Both she and dad wore their cold, hard exteriors like armor, and used sarcasm as a shield. But there was (and in my sister’s case, probably still is) a level of bitterness beneath the armor which further shields from honest, messy emotions. As I’ve learned, though, it also shields from the good stuff; the love, joy, compassion, and empathy I’ve come to appreciate in myself.

Mom wore her heart on her sleeve, though she tried very hard to cover it up. Her efforts to belong, to fit in, to be accepted were often heartbreaking to watch. I hardened my own heart so I wouldn’t have to watch hers break over and over again. Maybe Dad did too?

A Conglomeration of All Who Came Before

As time goes on and the dates come and go bringing memories and new insights, I realize I’m a little like both of my parents, and a lot like neither. Much of the deviation though, has occurred in the last 10 years. Until then, I held everything in and stumbled through life with my feelings treated as unwelcome guests. That’s the way I was brought up, and the only way I knew.

But when I started writing; when the feelings I’d held in check at great cost came tumbling out onto the computer screen, I found a part of myself that resembled not only neither parent, but none of the family I’d once been close to either. I became an enigma, not because I had always been different, but because I was the first and maybe the only one to break out of the mold into which we’d all been cast.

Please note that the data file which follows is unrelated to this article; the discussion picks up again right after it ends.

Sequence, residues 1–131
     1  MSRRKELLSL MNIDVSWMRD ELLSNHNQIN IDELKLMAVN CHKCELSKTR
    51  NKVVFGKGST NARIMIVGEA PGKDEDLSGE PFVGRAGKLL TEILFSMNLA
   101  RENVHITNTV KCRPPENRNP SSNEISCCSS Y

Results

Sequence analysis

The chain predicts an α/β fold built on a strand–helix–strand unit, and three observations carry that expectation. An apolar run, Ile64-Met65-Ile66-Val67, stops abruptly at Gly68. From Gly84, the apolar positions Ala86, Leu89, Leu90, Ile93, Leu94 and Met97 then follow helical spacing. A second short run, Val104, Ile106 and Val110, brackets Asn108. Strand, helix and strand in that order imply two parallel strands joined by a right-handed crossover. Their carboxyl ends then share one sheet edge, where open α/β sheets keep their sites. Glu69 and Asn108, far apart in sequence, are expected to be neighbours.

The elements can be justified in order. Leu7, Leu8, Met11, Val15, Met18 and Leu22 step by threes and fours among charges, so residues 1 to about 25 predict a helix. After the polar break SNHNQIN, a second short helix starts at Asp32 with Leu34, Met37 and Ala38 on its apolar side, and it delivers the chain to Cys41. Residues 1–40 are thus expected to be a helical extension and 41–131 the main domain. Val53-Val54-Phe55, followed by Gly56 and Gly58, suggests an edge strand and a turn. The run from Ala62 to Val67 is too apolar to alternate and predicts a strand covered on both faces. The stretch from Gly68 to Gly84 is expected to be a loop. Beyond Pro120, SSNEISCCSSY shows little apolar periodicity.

I let go of the blame, the bitterness, and the need to hold a grudge. I forgave and learned to recognize the need to forgive myself most of all. Even now when I drag out old feelings and find they were buried in lies, I allow them to flow, then forgive all over again.

Letting My Pen Lance the Boils of My Hidden Emotions

https://www.flickr.com/photos/matt_rogers/32072645186/in/photolist-QS9G29-7jFGWM-jSSXTn-gWnnAn-7jKzg7-k1Q3Ez-49HGS-JaXYoH-6HUNQF-7jFHgR-nQzqNh-fzUL6w-hx2nML-a4N44-Z3xc8b-6ef9HF-aEXdio-m2HqQt-bBKzg2-kbdf3P-5Db73z-b7AkyD-6zJzQw-7dEU9V-ZDftY1-fY9zv8-7pBPUc-bmfwto-7eXMSj-9NdNPm-8EVVBC-6JNLK8-6nNaux-c28A2C-9atUf8-7oMuuJ-9YvpG-vdJj7-ecCm-8LJzww-eEd6oi-BQX1p-XZKjij-k1Q1px-E6Miuc-6zrveY-j2kDUf-7vaq24-7fnH1m-dDHfZsThe revelation about my relationship with Dad came during a free-writing session which began with a writing prompt. An otherwise benign prompt became a tear- and anger-filled rant about how badly he’d treated me all my life. It churned and boiled inside me for a little while. Now I realize he not only behaved as he’d been taught, but loved me as best he could. He made me strong and independent, maybe in the extreme. It has been up to me to find the balance. I had no good example to follow.

I’ve hypothesized I come from a long line of Empaths who closed themselves off rather than feel everything that bombarded them. The choice was made more from fear and lack of understanding than a lack of desire or inability to embrace the sensitivity and accept the responsibility this sometimes dubious gift requires.  More and more, I’m convinced that’s true. I’m certain Dad would have been a wreck trying to deal with all the angst I had as a teenager, or the misery I tried to hide during my marriage and divorce. He already knew how to close himself off, and used it to good purpose to protect his own delicate psyche. Mom spent her whole lifetime trying to fit in, yet always sensing negative thoughts and feelings, especially those directed at her personally.